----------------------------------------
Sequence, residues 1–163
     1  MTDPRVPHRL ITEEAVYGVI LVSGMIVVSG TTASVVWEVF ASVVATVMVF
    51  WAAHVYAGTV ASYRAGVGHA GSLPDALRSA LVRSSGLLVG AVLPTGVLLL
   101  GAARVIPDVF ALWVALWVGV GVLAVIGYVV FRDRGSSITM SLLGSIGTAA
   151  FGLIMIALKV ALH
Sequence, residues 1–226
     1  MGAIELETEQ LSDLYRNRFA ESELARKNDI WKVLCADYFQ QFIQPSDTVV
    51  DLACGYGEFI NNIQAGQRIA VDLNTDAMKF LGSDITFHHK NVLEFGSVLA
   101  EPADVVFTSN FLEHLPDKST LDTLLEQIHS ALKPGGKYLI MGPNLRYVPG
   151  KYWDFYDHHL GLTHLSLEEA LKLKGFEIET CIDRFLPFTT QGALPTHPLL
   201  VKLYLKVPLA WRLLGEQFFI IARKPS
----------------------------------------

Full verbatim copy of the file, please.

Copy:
Sequence, residues 1–163
     1  MTDPRVPHRL ITEEAVYGVI LVSGMIVVSG TTASVVWEVF ASVVATVMVF
    51  WAAHVYAGTV ASYRAGVGHA GSLPDALRSA LVRSSGLLVG AVLPTGVLLL
   101  GAARVIPDVF ALWVALWVGV GVLAVIGYVV FRDRGSSITM SLLGSIGTAA
   151  FGLIMIALKV ALH
Sequence, residues 1–226
     1  MGAIELETEQ LSDLYRNRFA ESELARKNDI WKVLCADYFQ QFIQPSDTVV
    51  DLACGYGEFI NNIQAGQRIA VDLNTDAMKF LGSDITFHHK NVLEFGSVLA
   101  EPADVVFTSN FLEHLPDKST LDTLLEQIHS ALKPGGKYLI MGPNLRYVPG
   151  KYWDFYDHHL GLTHLSLEEA LKLKGFEIET CIDRFLPFTT QGALPTHPLL
   201  VKLYLKVPLA WRLLGEQFFI IARKPS